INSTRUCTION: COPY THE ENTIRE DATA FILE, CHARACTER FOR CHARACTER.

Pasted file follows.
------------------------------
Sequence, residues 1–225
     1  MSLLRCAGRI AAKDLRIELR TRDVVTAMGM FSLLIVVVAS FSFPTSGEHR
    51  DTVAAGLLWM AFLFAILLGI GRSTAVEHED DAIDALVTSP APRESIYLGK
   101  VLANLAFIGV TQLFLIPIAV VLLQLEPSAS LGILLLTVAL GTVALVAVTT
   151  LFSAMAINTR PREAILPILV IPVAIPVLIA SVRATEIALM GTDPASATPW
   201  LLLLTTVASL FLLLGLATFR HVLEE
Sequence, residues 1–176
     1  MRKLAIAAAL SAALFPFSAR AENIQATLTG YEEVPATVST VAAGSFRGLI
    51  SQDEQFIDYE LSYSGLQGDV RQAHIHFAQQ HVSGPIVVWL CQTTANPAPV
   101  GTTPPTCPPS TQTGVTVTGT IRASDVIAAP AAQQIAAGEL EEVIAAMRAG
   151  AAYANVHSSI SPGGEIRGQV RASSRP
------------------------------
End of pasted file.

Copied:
Sequence, residues 1–225
     1  MSLLRCAGRI AAKDLRIELR TRDVVTAMGM FSLLIVVVAS FSFPTSGEHR
    51  DTVAAGLLWM AFLFAILLGI GRSTAVEHED DAIDALVTSP APRESIYLGK
   101  VLANLAFIGV TQLFLIPIAV VLLQLEPSAS LGILLLTVAL GTVALVAVTT
   151  LFSAMAINTR PREAILPILV IPVAIPVLIA SVRATEIALM GTDPASATPW
   201  LLLLTTVASL FLLLGLATFR HVLEE
Sequence, residues 1–176
     1  MRKLAIAAAL SAALFPFSAR AENIQATLTG YEEVPATVST VAAGSFRGLI
    51  SQDEQFIDYE LSYSGLQGDV RQAHIHFAQQ HVSGPIVVWL CQTTANPAPV
   101  GTTPPTCPPS TQTGVTVTGT IRASDVIAAP AAQQIAAGEL EEVIAAMRAG
   151  AAYANVHSSI SPGGEIRGQV RASSRP